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Behind the scenes of New York's premium dry-aged steaks. An in-depth look at the aging, cooking, and presentation of New York's premium dry-aged steaks from beef expert Nick Solares.

Steakcraft: Costata Part 3, Dry-Aged Boneless Ribeye and New York Strip

Slideshow SLIDESHOW: Steakcraft: Costata Part 3, Dry-Aged Boneless Ribeye and New York Strip

The dry-aged New York strip for one at Costata. [Photographs: Nick Solares]

Steak Fact Sheet

Cuts: Boneless New York Strip and Ribeye
Grade: USDA Prime
Breed: Black Angus
Dry Aged? Yes, 40 Days (minimum)
Pre-Cooked Weight: New York Strip 12 oz., Ribeye 18 oz.
Price: New York Strip $47, Ribeye $55
Price per Ounce: New York Strip $3.90, Ribeye $3.05

"PJ Calapa is badass! He is from Texas, loves meat, barbecue, roasting, braising, grilling. He has a fantastic palate and as a chef he is the complete package," says Michael White of his executive chef of Costata. "He was the natural choice for the position," he continues. Calapa is the chef at Ai Fiori too, but he has also worked at Nobu 57 and Eleven Madison Park prior to joining the Altamarea restaurant group. In White's estimation, it gave him the perfect background to run the restaurant. White sees Costata as combining the best elements of the Altamarea groups other restaurants—the pasta and crudo from Marea and Ai Fiori, the communal dining aspects of Morini, and the wine lists that the group is known for.

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Chef/Owner Michael White and executive chef PJ Calapa.

"I always wanted to do a steakhouse, and we already had steakhouse-quality meat at our restaurants thanks to our relationship with Pat LaFrieda" says White—which you can confirm from previous visits. As far as White is concerned, Calapa was the natural choice for a menu combining Italian technique with American dry-aged beef.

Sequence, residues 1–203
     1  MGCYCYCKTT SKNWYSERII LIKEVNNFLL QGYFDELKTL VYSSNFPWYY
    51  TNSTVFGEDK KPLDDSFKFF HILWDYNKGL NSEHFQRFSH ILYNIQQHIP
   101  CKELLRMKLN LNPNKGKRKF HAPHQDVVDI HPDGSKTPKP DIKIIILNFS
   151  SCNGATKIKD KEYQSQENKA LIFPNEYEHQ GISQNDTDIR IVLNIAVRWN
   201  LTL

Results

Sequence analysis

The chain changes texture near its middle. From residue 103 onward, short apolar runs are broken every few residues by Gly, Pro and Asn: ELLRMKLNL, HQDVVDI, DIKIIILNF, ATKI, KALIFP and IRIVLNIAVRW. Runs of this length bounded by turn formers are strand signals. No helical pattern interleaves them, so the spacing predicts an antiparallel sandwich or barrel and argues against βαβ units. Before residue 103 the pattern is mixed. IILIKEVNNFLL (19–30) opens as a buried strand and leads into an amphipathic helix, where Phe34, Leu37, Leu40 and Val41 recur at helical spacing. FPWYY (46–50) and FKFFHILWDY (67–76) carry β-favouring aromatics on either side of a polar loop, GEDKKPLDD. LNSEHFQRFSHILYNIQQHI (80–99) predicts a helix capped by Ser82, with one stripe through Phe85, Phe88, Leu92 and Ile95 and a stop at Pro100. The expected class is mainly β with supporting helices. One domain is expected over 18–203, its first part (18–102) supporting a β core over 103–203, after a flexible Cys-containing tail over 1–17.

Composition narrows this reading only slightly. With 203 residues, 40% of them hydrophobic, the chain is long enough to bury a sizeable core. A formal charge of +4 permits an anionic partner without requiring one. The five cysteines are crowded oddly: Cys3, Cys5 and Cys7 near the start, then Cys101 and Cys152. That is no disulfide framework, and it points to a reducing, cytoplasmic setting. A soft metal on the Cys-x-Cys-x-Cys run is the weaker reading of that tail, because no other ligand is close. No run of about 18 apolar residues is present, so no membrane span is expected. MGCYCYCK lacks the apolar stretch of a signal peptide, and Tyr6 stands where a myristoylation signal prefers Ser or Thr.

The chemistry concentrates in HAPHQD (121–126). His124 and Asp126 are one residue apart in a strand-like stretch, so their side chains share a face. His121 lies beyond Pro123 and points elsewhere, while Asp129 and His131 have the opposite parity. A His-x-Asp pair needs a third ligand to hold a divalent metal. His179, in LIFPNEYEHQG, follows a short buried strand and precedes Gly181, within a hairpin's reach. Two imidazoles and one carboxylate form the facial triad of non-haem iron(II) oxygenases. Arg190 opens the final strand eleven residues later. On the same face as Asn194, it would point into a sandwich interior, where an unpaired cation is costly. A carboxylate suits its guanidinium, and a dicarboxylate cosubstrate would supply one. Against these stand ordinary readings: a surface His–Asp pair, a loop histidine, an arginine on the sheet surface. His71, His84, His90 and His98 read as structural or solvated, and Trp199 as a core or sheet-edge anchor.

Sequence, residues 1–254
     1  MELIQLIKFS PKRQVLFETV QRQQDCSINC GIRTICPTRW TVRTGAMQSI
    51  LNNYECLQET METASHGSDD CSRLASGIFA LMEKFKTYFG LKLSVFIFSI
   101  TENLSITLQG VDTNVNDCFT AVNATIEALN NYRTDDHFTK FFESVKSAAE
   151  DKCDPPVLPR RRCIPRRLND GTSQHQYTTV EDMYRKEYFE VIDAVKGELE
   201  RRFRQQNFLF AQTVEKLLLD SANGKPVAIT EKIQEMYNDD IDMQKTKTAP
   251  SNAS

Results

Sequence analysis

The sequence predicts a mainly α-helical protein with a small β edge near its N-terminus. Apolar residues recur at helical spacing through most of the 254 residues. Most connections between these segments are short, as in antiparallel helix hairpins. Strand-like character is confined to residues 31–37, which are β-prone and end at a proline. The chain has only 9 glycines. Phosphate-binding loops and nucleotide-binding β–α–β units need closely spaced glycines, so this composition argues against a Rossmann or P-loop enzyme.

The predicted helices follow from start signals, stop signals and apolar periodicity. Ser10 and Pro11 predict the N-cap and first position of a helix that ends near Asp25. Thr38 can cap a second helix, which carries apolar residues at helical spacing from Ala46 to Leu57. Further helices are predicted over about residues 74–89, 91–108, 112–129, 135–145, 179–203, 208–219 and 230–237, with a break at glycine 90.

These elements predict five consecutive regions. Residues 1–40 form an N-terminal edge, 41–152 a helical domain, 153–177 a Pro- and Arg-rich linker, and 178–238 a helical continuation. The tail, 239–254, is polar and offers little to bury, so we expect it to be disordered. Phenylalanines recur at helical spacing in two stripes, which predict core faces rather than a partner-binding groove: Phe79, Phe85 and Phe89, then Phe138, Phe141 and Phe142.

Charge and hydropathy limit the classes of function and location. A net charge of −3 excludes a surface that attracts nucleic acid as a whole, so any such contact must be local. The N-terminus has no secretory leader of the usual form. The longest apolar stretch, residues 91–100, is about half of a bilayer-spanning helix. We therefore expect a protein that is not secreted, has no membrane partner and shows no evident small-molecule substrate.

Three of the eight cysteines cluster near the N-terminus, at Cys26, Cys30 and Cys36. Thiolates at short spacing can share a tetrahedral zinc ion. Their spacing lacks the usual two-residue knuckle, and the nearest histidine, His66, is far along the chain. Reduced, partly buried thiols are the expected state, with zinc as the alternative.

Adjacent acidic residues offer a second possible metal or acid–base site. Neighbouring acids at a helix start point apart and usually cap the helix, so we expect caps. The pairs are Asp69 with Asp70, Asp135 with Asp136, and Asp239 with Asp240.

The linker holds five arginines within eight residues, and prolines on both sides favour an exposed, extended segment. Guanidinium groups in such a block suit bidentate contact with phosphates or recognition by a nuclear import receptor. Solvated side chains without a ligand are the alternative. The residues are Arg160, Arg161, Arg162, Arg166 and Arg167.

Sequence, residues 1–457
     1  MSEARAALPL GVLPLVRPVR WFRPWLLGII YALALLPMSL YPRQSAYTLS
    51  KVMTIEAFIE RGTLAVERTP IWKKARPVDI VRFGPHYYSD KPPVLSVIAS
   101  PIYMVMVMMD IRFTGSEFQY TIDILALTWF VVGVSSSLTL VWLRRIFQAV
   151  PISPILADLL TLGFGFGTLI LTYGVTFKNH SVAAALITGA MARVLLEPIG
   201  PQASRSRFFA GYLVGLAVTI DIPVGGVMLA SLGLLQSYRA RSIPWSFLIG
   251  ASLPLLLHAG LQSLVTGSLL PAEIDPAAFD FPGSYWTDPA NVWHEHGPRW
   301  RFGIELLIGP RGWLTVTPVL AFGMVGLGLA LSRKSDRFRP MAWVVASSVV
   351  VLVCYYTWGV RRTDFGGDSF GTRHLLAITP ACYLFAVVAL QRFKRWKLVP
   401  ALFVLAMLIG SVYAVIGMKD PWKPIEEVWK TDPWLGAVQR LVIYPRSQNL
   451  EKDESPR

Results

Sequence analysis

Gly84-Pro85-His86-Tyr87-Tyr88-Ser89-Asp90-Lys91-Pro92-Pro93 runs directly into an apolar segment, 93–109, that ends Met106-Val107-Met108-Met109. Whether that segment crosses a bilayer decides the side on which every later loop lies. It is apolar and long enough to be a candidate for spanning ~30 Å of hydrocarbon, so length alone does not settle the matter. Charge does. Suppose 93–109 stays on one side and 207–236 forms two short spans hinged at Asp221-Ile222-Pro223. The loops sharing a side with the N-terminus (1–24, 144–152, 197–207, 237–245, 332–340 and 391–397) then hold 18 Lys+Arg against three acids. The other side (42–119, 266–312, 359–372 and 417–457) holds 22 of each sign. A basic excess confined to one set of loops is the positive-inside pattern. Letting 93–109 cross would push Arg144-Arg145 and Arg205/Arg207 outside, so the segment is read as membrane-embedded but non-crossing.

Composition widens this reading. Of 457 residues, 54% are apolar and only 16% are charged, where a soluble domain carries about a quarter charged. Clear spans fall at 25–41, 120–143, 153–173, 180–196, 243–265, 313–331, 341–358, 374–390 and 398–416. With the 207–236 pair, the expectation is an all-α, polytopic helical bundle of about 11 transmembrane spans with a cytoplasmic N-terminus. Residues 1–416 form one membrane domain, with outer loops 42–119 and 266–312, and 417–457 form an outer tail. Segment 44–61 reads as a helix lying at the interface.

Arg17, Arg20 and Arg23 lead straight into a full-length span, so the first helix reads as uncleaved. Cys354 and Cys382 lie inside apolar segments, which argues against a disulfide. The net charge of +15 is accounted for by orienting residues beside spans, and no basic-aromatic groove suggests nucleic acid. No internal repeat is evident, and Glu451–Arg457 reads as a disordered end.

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The Costata kitchen during service.

Previously we looked at the large format, bone-in steaks for two (or more). This week we feature two of the boneless steaks for one: the New York strip and the ribeye. Both are dry-aged for 40+ days by Pat LaFrieda and are fabricated in-house from aged primals. The boneless strip comes from smaller, younger animals; a 12-ounce portion from a larger steer would mean a wider but much thinner steak. By using smaller strip loins, Calapa can cook the thicker steaks to temperature more easily with less risk of overcooking.

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While the large steaks and the ribeye, with its prodigious marbling, are cooked on the flat top and then finished in the 1900° broiler, such a technique was judged "too ferocious" too cook the boneless strip. Instead, the steak is lovingly seared in a cast iron skillet and basted with rosemary, garlic and butter. While the large steaks are seasoned with rosemary salt and pepper the boneless pan cooked steak uses kosher salt - the rosemary flavor is added during the basting used to finish the steaks. Same flavor profile, different technique.

Take a look through the slideshow and check out how the steaks are cooked.

About the author: Nick Solares is a NYC-based food writer and photographer. He has published Beef Aficionado since 2007, with the stated purpose of exploring American exceptionalism through the consumption of hamburgers and steak. He has written over 350 restaurant reviews for Serious Eats since 2008 and served as the creative director for the award-winning iPad app Pat LaFrieda's Big App for Meat. You can follow him on Instagram (@nicksolares) and Twitter (@beefaficionado).

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